Observant
Observant

You might want to check out my other posts regarding jobs. I'm almost 100% sure that if I checked the job postings of the "HR Expert" it wouldn't take much research to find an excessively padded job posting. If resume padding is a NO-NO, job description posting should be considered fraud because the resume represents an individual, the job posting represents the entire company (which should have several layers of checks for BFOQs) and therefore should have more culpability. By the way, I've had "HR Experts" think I've just sworn at them when I say "BFOQ" which indicates they know little to nothing about HR.

layer4down
layer4down

I started at Circuit City as an IT Product Specialist, cutting my teeth on PC/laptop repair in the backroom as well. Got my A+. Took a few contracting positions for exposure. Took a sub-contracting position with the military, got a security clearance (civilian). Bounced a round a few jobs in military IT contracting, got my Network+, Security+ and CCNA in the meanwhile. By far, CCNA was the most useful and desired. Now, working toward CCNP, then CCIE. Also got an Associates in between time, just in case. By far certification has been most effective in getting in the door. The job is my real classroom, the cert was just the gateway for entry.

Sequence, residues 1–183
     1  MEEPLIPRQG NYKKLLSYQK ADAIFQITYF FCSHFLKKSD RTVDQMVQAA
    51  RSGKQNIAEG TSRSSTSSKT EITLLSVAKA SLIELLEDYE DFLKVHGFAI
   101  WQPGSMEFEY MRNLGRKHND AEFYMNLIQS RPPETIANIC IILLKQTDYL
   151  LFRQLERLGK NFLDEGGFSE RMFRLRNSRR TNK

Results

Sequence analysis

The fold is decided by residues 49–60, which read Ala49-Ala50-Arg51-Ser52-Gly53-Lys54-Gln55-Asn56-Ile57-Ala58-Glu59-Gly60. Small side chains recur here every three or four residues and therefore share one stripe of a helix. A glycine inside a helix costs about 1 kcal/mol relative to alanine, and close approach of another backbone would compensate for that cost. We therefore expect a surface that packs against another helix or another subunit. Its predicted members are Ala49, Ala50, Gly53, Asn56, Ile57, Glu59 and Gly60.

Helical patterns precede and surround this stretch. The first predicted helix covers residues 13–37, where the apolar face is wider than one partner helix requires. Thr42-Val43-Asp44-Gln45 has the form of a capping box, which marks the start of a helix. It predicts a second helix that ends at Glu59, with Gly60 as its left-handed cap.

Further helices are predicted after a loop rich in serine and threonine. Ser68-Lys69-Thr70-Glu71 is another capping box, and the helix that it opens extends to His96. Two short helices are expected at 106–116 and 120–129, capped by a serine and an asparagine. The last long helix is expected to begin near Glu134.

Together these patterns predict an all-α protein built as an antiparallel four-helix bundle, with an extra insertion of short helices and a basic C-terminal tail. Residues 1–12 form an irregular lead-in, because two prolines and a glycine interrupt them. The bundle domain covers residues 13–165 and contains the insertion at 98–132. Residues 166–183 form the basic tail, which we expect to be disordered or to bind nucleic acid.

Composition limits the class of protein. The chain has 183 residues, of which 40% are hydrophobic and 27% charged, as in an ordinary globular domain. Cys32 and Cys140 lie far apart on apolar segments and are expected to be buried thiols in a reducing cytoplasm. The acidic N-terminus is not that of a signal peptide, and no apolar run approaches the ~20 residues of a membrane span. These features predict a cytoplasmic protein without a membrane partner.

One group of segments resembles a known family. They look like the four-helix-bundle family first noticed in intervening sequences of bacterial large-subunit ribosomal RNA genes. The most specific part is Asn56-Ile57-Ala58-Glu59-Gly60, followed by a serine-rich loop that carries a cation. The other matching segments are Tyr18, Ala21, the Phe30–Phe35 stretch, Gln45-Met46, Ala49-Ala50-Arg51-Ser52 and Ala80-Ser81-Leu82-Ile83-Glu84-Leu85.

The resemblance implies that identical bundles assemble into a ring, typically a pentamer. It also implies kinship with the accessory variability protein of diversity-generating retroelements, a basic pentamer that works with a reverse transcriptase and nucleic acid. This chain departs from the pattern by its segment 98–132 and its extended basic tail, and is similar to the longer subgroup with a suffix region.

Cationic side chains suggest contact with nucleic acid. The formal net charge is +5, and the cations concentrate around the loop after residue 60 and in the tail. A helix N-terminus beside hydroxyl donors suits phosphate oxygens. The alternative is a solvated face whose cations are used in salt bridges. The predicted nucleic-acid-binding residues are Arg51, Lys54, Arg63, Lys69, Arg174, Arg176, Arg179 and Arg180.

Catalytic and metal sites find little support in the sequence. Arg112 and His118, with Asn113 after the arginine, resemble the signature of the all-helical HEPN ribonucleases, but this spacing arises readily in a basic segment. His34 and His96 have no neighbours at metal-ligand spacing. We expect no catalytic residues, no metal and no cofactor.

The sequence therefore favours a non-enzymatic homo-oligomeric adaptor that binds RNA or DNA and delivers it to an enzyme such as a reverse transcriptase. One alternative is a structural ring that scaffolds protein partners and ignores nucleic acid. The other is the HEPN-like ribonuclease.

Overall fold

shane.kimg
shane.kimg

I was lucky. I had applied within the orga I was with twice, asn was told I was from the wrong background. The third time they ran an aptitude test for all 40 odd candidates. I was the only one to get 100%. Guess who had to be gioven a chance. Since then I worked as desktop services, server engineer, IT Manager for a Gov't entity and now work for myself. There are plenty of those who think they know the game, but unless you walk the talk you'll get shown the door